When it comes to something as important and powerful as road safety, it can be hard to get your point across with traditional advertising that, despite many tragic and funny ideas, is often ignored. Why? The biggest problem seems to be that although people are watching the ads, the content just isn’t getting through to them on the level it needs to so they change their behavior. This is where Volkswagen’s Eyes On The Road Cinema Stunt, a campaign that ran in Hong Kong recently, comes in.
The seat in MCL Cinema in Hong Kong slowly fill with people looking to be entertained. They take their seats, and an advertisement starts playing. It’s a first person perspective of somebody driving down the road, hardly interesting. Then, suddenly, every person in the cinema with a mobile phone in their pocket get’s a text message, and as hands reach to grab them, eyes leave the screen.
A ripple of surprise runs through the cinema as the screen now shows the car has violently crashed. The text message (and the screen) show a safety announcement about keeping your eyes on the road when you drive.
There is absolutely no doubt in my mind that Volkswagen’s campaign is a sure winner. We weren’t even there and it’s firmly lodged in our brains, so we’re sure the cinema attendees feel much the same. Let’s break down the details of the campaign to see why it works so well.
When it comes to the shock factor implicit in a road safety campaign, it’s been a while since even I have seen it handled so spectacularly. The setting of the cinema means that the sound and visual components are all-encompassing, bringing everybody into the experience even if they are without a phone. For those with phones, the campaign is yet more powerful, as their simple actions are immediately linked to something of such consequence.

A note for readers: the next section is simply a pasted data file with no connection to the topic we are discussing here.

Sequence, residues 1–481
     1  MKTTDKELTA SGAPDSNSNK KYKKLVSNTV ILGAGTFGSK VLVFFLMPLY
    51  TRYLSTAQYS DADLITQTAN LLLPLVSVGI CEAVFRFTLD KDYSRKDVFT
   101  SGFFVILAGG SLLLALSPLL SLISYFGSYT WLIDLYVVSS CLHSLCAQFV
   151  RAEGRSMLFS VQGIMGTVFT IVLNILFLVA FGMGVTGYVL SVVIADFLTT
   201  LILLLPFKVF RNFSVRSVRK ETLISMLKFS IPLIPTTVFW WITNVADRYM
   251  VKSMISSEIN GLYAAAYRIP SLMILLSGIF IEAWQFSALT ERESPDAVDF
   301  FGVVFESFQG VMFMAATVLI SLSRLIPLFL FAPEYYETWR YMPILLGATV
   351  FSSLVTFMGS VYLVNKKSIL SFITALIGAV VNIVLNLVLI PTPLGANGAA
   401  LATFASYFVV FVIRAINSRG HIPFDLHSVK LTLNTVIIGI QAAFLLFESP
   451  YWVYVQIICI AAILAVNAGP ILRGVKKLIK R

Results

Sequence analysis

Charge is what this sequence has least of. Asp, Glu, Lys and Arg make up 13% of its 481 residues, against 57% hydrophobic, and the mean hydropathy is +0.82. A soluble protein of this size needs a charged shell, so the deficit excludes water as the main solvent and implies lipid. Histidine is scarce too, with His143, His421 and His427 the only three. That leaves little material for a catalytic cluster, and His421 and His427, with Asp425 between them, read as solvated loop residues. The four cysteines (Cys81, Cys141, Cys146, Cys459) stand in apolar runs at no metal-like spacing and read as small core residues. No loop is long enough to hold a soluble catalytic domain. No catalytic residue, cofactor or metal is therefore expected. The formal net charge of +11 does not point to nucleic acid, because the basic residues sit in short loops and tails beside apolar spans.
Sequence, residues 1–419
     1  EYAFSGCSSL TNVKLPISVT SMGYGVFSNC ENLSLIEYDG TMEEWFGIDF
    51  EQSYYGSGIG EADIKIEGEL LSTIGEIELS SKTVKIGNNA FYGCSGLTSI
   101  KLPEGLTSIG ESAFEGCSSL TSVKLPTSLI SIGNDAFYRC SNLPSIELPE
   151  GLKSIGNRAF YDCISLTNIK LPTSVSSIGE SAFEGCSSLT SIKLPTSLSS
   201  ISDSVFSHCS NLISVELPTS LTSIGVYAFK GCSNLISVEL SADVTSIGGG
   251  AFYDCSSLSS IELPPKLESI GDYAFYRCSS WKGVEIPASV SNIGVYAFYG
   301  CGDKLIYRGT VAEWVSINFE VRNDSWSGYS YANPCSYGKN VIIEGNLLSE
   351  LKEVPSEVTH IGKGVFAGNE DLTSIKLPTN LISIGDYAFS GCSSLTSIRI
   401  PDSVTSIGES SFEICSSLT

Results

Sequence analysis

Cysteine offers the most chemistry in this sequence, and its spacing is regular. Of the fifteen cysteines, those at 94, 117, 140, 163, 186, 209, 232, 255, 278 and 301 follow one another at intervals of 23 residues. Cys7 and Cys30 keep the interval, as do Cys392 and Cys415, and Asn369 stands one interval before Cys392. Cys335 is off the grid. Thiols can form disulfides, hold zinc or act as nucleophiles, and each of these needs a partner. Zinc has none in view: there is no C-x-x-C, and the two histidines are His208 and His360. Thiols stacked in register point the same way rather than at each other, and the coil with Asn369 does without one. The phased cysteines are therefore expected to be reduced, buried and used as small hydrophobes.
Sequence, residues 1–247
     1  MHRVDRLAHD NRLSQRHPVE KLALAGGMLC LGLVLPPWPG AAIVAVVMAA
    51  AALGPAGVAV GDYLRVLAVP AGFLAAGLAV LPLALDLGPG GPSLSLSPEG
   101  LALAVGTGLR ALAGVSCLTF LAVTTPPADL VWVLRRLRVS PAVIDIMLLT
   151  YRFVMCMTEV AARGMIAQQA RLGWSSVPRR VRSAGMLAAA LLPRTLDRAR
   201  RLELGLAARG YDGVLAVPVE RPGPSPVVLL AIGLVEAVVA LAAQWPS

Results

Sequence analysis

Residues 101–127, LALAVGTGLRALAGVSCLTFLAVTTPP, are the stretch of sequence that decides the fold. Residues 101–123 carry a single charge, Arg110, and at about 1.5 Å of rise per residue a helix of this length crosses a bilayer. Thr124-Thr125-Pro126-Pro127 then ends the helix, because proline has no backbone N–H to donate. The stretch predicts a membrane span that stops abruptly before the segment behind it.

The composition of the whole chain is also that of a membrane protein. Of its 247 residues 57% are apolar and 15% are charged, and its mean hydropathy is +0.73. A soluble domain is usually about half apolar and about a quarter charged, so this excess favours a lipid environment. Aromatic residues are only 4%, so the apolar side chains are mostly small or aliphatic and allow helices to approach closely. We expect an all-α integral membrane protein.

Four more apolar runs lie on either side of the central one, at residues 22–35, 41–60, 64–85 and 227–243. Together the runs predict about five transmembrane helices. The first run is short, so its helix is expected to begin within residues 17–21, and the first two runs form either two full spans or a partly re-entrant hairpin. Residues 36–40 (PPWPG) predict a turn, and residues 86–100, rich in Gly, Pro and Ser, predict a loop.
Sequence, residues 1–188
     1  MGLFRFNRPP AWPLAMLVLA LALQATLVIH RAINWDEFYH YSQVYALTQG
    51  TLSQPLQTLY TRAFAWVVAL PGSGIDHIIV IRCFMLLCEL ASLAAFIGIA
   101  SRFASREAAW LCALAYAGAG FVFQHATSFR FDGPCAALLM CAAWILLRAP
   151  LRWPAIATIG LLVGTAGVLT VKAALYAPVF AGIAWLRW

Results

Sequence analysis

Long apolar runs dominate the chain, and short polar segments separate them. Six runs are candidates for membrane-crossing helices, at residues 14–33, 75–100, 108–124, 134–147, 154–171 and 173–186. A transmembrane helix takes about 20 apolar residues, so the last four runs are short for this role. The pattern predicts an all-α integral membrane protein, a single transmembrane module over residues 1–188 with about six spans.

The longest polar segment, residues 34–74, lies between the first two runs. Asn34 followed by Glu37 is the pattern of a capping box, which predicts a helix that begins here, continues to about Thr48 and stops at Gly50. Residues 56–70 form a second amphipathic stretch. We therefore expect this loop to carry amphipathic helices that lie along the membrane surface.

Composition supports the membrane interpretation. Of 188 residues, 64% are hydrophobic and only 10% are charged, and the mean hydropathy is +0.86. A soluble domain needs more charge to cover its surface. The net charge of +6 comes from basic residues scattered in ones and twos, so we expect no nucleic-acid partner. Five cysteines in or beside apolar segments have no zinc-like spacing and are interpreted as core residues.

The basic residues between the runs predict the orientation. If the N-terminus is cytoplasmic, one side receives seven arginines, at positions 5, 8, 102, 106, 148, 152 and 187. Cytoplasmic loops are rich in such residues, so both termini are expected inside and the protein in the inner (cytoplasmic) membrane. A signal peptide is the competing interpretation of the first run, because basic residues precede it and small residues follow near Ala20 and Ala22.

Even in the world we live in today, there are some instances where technology can still feel a little mysterious. Certainly, the close-range mobile broadcasting device that sent out the text message is what made the Eyes On The Road stunt work so well from a guerrilla marketing perspective. But to the people in the cinema it is an unknown technology entity, a machine that has impossibly targeted them where they are now, to deliver a powerful message. The mystery of the text, and the predicted behavior of those who looked at their phones, are what make people really think about the message behind this campaign.
And yes, without the text the campaign means nothing, but with it the entire thing is a seamless multi-medium message. Talk about clever.
A Brand Sells Nothing
Yes, this is an campaign produced by Volkswagen, but at no point are any safety related features of Volkswagen vehicles mentioned, nor is the company seemingly linked to the campaign in any way beyond the trademarked font, and of course their brand logo. This is what it’s a smart move from Volkswagen, they get good publicity for their brand not because their vehicles are better or worse, but because they care about drivers and how best to prevent them from making mistakes on the road.